• On February 13, the Supreme Court ordered the eviction of lakhs belonging to the Scheduled Tribes (STs) and Other Traditional Forest Dwellers (OTFDs) categories across 16 States, whose claim as forest-dwellers has been rejected under the Forest Rights Act. 
  • A Bench of Justices Arun Mishra, Navin Sinha and Indira Banerjee ordered the Chief Secretaries of many of these States to evict those whose claims were finally rejected. The court directed that the eviction be carried out by July 24, 2019.
  • The court also ordered the Forest Survey of India (FSI) to make a satellite survey and place on record the “encroachment positions.”
  • The direction comes in a batch of petitions filed by an NGO Wildlife First and few retired forest officials, challenging the validity of Forests Rights Act. According to the petitioners, the Act has led to deforestation and encroachment of forest land. They also argued that the rejection of an FRA claim implies that the claimant is an encroacher and not a bona fide forest dweller.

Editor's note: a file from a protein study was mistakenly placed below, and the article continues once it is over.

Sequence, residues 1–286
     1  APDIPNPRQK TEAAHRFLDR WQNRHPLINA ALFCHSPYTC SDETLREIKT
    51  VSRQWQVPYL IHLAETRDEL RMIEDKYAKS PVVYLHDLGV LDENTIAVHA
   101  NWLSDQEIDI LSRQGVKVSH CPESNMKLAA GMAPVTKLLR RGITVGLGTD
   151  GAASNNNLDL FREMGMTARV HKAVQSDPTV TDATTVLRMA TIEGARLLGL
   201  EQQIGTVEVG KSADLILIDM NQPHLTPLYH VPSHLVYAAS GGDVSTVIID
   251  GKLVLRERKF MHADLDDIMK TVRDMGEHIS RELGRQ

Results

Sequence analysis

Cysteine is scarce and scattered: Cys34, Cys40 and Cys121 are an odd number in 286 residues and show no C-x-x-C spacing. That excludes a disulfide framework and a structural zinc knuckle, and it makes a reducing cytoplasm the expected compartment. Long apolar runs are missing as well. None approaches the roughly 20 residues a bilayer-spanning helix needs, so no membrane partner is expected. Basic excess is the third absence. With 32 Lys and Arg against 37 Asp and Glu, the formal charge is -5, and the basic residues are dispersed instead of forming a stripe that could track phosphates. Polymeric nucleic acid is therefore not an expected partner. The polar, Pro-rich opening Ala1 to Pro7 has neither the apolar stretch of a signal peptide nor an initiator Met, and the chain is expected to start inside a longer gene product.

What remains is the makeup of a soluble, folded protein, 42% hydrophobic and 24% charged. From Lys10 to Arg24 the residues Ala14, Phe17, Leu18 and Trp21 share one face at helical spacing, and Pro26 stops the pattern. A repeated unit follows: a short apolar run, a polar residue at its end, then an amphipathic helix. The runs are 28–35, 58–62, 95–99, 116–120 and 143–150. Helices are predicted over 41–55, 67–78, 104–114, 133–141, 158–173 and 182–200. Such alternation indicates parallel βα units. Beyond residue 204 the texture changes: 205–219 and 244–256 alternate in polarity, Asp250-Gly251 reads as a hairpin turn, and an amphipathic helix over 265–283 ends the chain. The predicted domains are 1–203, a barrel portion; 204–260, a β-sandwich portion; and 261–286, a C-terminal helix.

• Madhya Pradesh has the highest number of rejected claims, which approximately come to 3.5 lakhs, followed by Odisha, with nearly 1.5 lakh rejected claims. Uttarakhand has the least number of rejected claims, 51. The states of Goa, Gujarat and Himachal Pradesh are yet to adjudicate on the filed claims, and they have been directed to complete the exercise by the next posting date.
What is the problem?
  • The February 13 order is based on affidavits filed by the States. Nearly 11,27,446 tribal and other forest-dwelling households have been rejected as per the rejection claims from 16 states that were submitted in the court
  • The affidavits, however, do not make clear whether the due process of law was observed before the claims were rejected.
  • The Centre argues that the rejection of claims is particularly high in the States hit by Left-Wing Extremism, where tribal population is high.
  • The forest land claims of these tribes and forest-dwellers are mostly rejected by the States.